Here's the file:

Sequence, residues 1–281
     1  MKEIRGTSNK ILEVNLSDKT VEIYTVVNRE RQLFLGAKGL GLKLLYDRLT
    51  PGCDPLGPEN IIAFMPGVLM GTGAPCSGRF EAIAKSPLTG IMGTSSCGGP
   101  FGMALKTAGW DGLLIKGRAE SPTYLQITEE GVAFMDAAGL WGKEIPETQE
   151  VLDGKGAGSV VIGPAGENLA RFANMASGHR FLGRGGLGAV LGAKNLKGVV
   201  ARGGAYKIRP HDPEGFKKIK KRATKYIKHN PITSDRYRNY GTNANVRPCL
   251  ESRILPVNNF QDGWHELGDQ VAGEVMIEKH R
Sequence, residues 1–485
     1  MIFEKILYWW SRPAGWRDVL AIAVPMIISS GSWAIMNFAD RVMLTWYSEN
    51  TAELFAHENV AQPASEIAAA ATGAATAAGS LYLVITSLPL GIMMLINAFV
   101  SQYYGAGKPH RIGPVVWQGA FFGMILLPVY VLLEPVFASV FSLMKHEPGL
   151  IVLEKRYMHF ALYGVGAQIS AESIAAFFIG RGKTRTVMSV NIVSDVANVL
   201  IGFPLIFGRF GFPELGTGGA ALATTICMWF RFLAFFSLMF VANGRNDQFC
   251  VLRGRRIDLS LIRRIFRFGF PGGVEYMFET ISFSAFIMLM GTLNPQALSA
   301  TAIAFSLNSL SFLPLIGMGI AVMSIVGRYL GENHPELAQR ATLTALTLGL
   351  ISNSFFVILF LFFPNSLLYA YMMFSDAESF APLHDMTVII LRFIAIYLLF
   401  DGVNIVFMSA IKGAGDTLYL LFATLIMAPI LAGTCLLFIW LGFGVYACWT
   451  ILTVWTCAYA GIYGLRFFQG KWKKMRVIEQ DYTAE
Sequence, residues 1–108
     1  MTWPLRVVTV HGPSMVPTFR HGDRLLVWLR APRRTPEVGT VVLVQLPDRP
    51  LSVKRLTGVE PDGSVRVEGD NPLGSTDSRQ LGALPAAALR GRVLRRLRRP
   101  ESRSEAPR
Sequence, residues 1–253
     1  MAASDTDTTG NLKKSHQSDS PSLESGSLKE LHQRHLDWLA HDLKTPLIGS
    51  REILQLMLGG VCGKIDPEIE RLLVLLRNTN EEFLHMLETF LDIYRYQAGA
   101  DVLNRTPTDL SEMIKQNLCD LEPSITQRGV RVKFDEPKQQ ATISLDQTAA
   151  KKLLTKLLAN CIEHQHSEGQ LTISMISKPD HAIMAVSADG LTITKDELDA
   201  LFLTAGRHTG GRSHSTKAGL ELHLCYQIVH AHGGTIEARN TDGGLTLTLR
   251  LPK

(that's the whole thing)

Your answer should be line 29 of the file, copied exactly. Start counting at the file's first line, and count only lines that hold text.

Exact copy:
   251  LPK